I’ve come to really enjoy what this batter bakes up into, and decided today to use it as a burger bun. I especially enjoy the subtle sweetness from the honey because I’ve always loved sweet brioche buns with my burgers.
This recipe is very dear to me as of right now, and I’m still working with it whenever I find the time. I’ve come a long way with this “basic batter” project and I’m very proud that the current stage it lies in today involves the majority of the batter to be plant-based, instead of relying heavily on processed flours and chemical leaveners.
125g taro or sweet potato (steamed and tender, easily poked through with a fork)
50g coconut oil
15ml coconut milk (homemade recipe here)
22g coconut flour (homemade recipe here)
1 tablespoon raw honey
1/8 teaspoon sea salt (fine)
** Update 02/23/2014: An awesome reader by the name of Ingrid converted this to US measurements. Scroll down to her comment below if you don’t have a digital scale!
1. Preheat your oven to 350 F degrees.
2. Begin by warming together the coconut oil, coconut milk and raw honey on low heat just until everything melts together.
Mise en Place on the left, clockwise: 2 steamed baby taro (took me 20 minutes in my electric pressure cooker on a rack over an inch of water), the coconut flour and salt sifted together, melted coconut oil mixture and 2 large eggs. The photo on the right is the baby taro peeled (should be very easy if steamed thoroughly) and weighed. The two I picked got me very close to the amount I needed for this recipe (125g). The leftovers I just set aside to toss into my next stir-fry.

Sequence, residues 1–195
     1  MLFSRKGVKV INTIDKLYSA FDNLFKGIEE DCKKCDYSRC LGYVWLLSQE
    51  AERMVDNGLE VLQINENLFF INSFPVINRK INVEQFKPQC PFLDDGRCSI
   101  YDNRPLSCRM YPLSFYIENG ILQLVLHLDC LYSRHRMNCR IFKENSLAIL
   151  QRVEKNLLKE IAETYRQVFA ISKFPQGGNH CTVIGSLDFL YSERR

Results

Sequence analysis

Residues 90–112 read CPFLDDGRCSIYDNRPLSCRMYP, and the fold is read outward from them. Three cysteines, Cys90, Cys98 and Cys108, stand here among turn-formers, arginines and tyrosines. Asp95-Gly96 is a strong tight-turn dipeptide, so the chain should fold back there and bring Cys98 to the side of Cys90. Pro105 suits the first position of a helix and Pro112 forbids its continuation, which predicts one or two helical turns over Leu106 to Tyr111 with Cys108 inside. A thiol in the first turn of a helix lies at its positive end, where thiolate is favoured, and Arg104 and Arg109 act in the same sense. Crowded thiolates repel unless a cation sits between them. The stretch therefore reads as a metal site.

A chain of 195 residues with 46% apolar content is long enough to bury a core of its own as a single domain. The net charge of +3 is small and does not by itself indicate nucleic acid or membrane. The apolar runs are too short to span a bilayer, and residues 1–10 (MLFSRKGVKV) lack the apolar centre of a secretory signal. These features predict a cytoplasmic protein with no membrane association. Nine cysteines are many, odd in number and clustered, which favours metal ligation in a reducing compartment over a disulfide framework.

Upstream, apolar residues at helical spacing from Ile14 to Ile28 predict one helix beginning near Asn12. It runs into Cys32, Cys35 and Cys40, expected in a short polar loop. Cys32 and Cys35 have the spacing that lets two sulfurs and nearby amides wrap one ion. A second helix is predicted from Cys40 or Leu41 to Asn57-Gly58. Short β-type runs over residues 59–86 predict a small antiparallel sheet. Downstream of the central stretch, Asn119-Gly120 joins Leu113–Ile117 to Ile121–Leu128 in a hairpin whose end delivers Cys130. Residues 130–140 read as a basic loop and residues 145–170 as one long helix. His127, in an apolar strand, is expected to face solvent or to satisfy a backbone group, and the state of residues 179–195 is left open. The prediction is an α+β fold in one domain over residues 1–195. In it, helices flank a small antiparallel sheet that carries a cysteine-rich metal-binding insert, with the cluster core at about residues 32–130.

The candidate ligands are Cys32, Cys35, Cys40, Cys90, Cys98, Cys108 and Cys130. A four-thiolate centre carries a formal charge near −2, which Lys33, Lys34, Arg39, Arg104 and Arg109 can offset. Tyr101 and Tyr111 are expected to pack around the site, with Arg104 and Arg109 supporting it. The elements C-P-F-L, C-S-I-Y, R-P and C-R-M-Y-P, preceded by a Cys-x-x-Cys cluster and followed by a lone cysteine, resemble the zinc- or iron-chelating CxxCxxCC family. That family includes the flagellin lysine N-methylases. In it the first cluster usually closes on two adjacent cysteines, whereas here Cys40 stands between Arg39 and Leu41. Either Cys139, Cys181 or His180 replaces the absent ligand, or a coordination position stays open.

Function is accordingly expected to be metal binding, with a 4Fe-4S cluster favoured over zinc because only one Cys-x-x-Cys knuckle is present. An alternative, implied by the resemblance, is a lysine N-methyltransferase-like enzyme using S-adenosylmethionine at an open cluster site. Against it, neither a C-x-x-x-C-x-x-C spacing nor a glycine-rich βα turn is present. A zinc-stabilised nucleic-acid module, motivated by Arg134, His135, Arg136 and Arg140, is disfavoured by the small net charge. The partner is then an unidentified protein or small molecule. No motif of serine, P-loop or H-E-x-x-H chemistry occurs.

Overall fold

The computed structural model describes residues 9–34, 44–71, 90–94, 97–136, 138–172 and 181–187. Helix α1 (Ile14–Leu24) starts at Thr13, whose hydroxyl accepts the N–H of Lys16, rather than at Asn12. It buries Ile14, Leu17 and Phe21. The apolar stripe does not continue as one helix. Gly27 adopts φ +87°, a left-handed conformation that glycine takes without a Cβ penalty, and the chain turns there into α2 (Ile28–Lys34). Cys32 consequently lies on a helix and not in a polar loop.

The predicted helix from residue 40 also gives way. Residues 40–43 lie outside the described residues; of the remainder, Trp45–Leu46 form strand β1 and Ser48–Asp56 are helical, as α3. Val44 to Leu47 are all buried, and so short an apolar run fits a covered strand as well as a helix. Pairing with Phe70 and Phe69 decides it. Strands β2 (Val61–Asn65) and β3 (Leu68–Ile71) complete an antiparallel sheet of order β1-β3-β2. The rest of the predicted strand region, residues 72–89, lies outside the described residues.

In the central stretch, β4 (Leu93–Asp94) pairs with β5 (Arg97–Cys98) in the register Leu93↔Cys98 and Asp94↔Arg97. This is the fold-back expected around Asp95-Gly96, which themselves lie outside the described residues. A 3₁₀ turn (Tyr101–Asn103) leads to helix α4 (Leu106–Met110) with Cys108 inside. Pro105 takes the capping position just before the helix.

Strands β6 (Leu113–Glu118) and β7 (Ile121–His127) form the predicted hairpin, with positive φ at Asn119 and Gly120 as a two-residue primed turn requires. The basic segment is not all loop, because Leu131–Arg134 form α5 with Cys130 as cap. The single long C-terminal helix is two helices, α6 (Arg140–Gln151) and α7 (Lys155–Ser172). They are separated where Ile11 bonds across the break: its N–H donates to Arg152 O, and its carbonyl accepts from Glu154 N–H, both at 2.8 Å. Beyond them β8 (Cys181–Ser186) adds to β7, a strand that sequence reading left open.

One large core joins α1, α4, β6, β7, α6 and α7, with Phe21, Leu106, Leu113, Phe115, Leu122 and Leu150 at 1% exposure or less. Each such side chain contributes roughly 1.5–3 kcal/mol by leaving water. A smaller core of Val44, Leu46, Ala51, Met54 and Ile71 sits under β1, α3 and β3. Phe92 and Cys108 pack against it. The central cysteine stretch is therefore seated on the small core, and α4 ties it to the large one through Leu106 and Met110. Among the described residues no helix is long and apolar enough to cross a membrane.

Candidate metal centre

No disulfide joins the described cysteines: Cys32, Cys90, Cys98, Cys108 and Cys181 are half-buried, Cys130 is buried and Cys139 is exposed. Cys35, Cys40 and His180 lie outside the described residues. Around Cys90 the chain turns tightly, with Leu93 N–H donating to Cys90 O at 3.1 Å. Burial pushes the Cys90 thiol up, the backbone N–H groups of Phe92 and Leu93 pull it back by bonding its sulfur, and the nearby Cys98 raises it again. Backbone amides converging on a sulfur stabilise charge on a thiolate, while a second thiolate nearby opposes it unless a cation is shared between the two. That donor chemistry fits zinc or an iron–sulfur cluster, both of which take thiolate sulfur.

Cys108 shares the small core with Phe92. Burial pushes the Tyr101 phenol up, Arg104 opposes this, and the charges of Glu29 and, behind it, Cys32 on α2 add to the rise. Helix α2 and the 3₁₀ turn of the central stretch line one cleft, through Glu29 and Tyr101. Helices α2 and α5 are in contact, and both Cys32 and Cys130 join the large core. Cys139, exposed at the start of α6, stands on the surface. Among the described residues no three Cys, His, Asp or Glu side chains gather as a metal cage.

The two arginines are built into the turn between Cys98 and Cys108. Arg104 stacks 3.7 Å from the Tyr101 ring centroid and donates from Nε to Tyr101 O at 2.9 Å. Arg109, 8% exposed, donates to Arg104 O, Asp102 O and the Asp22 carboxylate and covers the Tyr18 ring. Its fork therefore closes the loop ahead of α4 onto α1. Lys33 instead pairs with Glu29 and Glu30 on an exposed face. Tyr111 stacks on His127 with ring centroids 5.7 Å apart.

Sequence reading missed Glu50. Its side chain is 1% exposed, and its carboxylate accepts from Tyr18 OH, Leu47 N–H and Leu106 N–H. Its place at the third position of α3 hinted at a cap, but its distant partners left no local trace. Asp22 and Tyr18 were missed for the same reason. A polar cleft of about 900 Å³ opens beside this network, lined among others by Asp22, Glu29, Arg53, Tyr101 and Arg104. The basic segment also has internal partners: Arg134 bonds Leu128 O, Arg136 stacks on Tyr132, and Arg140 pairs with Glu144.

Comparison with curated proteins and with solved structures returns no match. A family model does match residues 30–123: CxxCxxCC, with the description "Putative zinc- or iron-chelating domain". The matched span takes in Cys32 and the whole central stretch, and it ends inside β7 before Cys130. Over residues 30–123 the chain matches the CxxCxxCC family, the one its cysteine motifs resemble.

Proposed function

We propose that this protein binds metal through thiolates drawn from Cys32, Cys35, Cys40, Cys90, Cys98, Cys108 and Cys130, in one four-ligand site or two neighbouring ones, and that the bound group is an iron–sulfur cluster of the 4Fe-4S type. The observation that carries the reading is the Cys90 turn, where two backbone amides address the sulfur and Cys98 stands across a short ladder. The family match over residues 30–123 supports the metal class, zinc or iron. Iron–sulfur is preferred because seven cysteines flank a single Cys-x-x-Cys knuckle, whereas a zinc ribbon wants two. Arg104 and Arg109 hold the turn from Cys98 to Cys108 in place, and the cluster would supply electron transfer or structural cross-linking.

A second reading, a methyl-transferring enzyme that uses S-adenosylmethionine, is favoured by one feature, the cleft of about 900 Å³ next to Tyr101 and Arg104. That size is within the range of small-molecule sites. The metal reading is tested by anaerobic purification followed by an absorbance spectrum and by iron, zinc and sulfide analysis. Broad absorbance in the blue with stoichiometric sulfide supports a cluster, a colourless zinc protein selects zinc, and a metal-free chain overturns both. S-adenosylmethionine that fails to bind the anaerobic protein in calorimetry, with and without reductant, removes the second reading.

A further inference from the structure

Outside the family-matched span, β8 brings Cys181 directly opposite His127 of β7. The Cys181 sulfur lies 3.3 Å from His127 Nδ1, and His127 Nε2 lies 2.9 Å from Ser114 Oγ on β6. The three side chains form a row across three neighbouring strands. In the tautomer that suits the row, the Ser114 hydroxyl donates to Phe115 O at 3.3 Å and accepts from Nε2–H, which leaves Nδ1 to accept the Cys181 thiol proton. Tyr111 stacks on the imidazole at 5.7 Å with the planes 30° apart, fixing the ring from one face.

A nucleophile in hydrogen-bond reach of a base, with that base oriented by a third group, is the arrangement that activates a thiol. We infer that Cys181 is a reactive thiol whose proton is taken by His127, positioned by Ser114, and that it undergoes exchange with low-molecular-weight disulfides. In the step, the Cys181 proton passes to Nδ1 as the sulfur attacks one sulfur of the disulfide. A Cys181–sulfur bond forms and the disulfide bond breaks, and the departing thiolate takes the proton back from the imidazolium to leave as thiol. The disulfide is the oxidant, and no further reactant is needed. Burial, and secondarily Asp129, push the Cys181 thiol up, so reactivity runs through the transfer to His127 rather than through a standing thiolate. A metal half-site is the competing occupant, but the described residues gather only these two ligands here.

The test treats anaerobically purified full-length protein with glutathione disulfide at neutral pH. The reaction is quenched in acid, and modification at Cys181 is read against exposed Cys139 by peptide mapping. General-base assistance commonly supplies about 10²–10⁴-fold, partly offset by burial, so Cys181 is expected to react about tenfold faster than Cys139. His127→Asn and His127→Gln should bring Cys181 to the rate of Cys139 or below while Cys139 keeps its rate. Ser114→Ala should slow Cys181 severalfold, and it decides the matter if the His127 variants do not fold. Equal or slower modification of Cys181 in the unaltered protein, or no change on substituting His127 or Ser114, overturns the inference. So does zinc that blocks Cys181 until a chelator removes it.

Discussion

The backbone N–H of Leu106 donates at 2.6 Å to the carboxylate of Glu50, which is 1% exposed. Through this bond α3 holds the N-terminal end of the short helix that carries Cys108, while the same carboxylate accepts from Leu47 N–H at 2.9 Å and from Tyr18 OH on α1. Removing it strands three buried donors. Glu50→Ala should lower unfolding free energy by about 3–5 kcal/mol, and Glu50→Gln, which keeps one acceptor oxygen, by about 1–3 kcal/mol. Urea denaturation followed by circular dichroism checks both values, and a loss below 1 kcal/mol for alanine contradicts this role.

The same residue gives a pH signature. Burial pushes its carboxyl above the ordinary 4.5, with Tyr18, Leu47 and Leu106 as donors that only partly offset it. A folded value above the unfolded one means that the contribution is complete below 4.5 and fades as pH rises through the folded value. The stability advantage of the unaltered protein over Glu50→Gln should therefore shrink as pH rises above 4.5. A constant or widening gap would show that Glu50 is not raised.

3. Place the baby taro and coconut oil mixture into a high-speed blender and combine until smooth, pictured on the left. Add in the sifted coconut flour mixture and blend until combined. The coconut flour will soak up a significant amount of moisture, making the batter a lot thicker, as shown on the right.
4. Transfer the taro batter from the blender into a large bowl. Beat the eggs in one at a time, scraping down after each addition, until a smooth and creamy batter is achieved.
PREP THE BAKING SHEET
5. To make each bun exactly 4″ inches in width, I traced a 4″ inch pan-bottom I had with a pencil directly onto my parchment paper. When you’re done tracing all four, make sure to flip the parchment paper to the other side (you don’t want your batter to be touching your pencil markings!) Parchment paper should be translucent enough for you to see your markings clearly on the other side.
5. In order to achieve an even amount of batter to fill each circle, I used both my ice cream scoop (not pictured) and my small cookie scoop (pictured). My ice cream scoop holds about 1/4 cup, and my cookie scoop about 2 tablespoons. I used a scoop from each, making each batter pile approximately 6 tablespoons. I also ended up with 5 extra mini scoops that I baked on the side.
FLATTEN AND SMOOTH
6. Using a small offset spatula, I flattened out each mound to the end of my pencil markings on the parchment paper, making four even circles.
7. Place the baking sheet into the oven and bake for 20 minutes. Cool completely before assembling.
The burgers above consisted of all-beef patties (weighing 120g each before cooking), baby spinach, avocado and fresh tomato slices. Enjoy!